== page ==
Richard Weston

Richard Weston is a descendant of the Meriam people of the Torres Strait. He has worked in Aboriginal and Torres Strait Islander affairs for more than 20 years, 14 of these in Indigenous controlled health services in Far West New South Wales and Queensland.

As CEO of the Healing Foundation since September 2010 Richard has overseen the strategic development of the organisation, which has supported more than 135 culturally strong, community led Indigenous healing projects around Australia.

During his 13 years at Maari Ma Health in Far West NSW including nine years as CEO (2000-2009), Richard led the delivery of high quality health care and improved health outcomes for adults and children alike in a remote region known for the poor health status of its population. During this time Maari Ma won five NSW health awards and a national health award.Read more

Glenn Pearson

Glenn Pearson is Head of Aboriginal Research at the Telethon Kids Institute in Western Australia joining the Institute in 2005.

As an accomplished educator, advocate and policy advisor, his state-wide directive is to ensure the Institute’s work reflects the needs of Aboriginal families, and is conducted in accordance with ethical and cultural protocols and brings to this role 15 years of working in senior positions within the State and Australian Governments with experience in health, education and child protection.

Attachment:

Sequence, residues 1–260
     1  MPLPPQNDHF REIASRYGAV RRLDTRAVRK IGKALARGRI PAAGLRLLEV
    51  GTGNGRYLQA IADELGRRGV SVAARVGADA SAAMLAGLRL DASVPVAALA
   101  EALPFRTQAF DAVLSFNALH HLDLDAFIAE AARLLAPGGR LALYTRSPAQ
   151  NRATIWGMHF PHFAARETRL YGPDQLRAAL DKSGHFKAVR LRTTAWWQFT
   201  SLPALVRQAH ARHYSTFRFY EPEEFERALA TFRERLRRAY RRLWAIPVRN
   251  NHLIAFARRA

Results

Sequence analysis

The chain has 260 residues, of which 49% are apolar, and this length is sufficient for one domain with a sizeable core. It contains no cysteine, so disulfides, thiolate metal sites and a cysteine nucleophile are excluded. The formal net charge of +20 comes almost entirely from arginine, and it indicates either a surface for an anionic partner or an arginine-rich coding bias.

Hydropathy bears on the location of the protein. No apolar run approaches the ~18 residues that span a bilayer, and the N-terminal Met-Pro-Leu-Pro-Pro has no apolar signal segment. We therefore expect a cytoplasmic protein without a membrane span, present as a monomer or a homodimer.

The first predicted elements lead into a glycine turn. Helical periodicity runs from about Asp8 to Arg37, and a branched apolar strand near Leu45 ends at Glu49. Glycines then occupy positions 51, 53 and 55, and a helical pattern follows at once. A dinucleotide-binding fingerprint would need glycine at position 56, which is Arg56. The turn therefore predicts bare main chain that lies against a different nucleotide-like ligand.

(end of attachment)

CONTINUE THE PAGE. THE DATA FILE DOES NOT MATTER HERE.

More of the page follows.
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Professor Neil Drew

Professor Neil Drew is Director of the Australia Indigenous HealthInfoNet; an internet resource that informs practice and policy in Aboriginal and Torres Strait Islander health by making research and other knowledge readily accessible. Neil has postgraduate qualifications in social psychology and over 30 years’ experience working with a diverse range of Aboriginal and Torres Strait Islander communities and groups.

He was psychologist for the Department of Family Services in Queensland working with young offenders and the victims of child sexual abuse. Prior to joining the HealthInfoNet Neil held positions at the University of Notre Dame Australia including Foundation Head of Behavioural Science, Dean of Arts and Sciences and Deputy Head of the University Broome Campus of Reconciliation.Read more

Professor Gary Roinson